Python is 57x slower than C++ (and 45x worse for the planet)
Banks and other financial institutions like to make a big deal about their environmental efforts through their ESG teams, but that doesn't mean they're climatically benign. Their engineering teams are generating big emissions merely through the code they write.
A 2017 paper published alongside the ACM SIGPLAN Engineering Language Conference tested a number of the most prevalent programming languages in use today to determine, among other things, how much energy they used. The results showed that Python, despite its popularity was a massive energy hog using 45 times as much energy (4390 joules) as C++ (77 joules) to execute its programs.
Python is an interpreted language. While compiled languages like Ada, C++ and Rust directly translate to instructions for the machine, Python must be read by a separate program first before being translated into machine instructions. Interpreted languages are generally far easier to learn and simpler to use, but this comes at the cost of energy in a big way.
Python is very well-loved in finance. Investment firm Man Group for example have called it the "second language" of the firm. On eFinancialCareers, of the 5,072 jobs currently available for quants and technologists, 1217 mention Python. If not Python, most banks like using alternative interpreted languages; Goldman Sachs' love affair with Slang, is well documented.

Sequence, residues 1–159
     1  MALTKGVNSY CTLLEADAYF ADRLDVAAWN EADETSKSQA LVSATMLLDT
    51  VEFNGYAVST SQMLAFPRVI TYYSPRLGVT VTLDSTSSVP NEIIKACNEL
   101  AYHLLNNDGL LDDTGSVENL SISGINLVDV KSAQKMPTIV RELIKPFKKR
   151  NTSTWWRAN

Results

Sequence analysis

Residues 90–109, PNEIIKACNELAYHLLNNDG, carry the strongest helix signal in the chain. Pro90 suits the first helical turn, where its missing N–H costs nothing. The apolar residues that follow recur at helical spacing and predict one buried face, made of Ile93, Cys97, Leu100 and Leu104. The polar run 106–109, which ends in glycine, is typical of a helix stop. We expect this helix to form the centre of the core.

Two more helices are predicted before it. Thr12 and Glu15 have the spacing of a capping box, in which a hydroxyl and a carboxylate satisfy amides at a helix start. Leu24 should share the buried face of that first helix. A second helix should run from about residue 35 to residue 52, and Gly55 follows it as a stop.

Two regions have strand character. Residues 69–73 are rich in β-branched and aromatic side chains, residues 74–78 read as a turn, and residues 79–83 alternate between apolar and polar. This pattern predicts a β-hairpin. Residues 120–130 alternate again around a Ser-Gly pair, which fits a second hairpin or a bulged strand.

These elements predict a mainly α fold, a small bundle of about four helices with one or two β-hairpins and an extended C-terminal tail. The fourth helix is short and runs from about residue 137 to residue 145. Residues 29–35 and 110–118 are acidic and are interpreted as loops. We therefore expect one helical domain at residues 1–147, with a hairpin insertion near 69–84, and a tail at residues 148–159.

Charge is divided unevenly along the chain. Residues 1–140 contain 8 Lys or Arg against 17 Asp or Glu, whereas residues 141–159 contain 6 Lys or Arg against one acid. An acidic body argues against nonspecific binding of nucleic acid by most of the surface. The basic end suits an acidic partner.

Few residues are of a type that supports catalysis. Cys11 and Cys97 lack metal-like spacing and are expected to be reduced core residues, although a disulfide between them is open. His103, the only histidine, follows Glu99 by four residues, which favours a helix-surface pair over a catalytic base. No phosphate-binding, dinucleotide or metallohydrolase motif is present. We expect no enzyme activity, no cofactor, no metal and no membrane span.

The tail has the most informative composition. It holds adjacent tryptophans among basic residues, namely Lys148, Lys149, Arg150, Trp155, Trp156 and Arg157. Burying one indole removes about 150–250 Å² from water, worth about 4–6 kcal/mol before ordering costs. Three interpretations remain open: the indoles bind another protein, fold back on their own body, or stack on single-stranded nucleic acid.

The same phenomenon can also be seen in fintech. Stripe, for example, relies heavily on Ruby, which is only narrowly faster than Python. If this evident energy gap exists in small, optimized benchmarking programs, one can only imagine how much additional energy is produced in Stripe's 50 million lines of code.
C++ may be kind on the environment, but it is far from kind on its developers. C++ is very difficult to work with by nature, which is what makes its elite engineers so valuable to hedge funds and high frequency trading firms. Rust, on the other hand, is similarly energy efficient, but is known for being a lot more enjoyable to work with. However, it lacks a serious presence in finance beyond some crypto roles.
The most peculiar phenomenon is Java. The only language in the top five for energy consumption not to be a pure-compiled language. While it is somewhat low level and capable of ultra low-latency code, Java also operates using the Java Virtual Machine (JVM) which makes it much easier for developers to work with.
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